Homo Naledi


Homo naledi is an extinct species of human discovered in Rising Star Cave in South Africa in 2013 CE in what has become the biggest single-species hominin find in Africa to this day, which is moreover set to cause a bit of an avalanche within the field of palaeoanthropology because the skeletons' strange mix of features and young date of 236,000 and 335,000 years old serve to highlight hominin variety. More than 1500 fossils that once belonged to the living bodies of at least 15 individuals were painstakingly removed from a very inaccessible part of the cave. In a breath of fresh air, the project, led by palaeontologist Lee Berger, not only presented its results in open access fashion but even allowed the world to watch over their shoulders as social media and a live blog by National Geographic kept track of the excavation process.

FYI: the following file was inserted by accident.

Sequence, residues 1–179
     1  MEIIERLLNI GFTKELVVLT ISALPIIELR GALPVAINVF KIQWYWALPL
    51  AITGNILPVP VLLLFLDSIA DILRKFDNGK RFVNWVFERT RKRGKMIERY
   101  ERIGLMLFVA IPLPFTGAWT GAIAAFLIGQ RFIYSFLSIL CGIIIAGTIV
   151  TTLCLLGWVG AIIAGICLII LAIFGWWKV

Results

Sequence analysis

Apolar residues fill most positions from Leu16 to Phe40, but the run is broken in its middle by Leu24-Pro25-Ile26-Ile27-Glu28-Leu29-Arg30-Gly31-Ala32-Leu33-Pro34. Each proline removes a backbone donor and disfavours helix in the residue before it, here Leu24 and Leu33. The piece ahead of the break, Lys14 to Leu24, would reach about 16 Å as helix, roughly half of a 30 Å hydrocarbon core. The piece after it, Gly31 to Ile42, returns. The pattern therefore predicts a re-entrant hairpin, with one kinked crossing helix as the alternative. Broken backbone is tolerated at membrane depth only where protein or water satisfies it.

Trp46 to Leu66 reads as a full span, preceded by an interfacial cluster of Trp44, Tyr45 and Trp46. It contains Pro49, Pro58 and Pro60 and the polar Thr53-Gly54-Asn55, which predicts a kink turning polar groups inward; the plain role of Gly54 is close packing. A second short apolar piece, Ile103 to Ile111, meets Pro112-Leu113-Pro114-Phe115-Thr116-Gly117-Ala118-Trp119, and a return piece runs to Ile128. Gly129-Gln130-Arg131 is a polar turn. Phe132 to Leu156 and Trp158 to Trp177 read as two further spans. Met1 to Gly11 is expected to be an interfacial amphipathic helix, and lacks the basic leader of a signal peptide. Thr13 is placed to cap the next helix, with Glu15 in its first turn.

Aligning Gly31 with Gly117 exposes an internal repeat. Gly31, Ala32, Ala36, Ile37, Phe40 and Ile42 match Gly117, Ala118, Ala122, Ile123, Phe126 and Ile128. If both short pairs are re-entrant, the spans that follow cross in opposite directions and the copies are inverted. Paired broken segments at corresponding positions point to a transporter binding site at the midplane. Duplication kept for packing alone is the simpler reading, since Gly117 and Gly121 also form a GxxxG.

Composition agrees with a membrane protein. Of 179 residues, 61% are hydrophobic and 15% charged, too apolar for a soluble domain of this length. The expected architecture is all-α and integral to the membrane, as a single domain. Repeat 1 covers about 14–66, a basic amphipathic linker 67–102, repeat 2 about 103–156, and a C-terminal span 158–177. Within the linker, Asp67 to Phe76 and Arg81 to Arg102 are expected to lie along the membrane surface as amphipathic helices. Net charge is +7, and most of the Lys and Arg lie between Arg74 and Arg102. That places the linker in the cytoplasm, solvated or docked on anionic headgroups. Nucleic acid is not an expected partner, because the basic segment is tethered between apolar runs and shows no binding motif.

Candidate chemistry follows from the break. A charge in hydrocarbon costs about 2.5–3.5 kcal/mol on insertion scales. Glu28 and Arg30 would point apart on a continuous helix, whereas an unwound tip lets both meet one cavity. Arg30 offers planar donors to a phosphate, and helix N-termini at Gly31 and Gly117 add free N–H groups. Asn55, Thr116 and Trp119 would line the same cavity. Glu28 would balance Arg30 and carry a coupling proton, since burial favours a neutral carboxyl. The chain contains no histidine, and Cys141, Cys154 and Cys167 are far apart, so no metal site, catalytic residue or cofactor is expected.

More about: Homo Naledi


  • c. 2600000 BCE - c. 12000 BCE
    The Pleistocene epoch, ranging from c. 2,6 million years ago until c. 12,000 years ago. It is characterised by repeated cycles of glacials and interglacials.
  • c. 2600000 BCE - c. 12000 BCE
    The Palaeolithic (or Old Stone Age) period, ranging from c. 2,6 million years ago until c. 12,000 years ago.
  • c. 335000 BCE - c. 236000 BCE
    The Homo naledi specimens from Rising Star Cave are between c. 335,000 and c. 236,000 years old.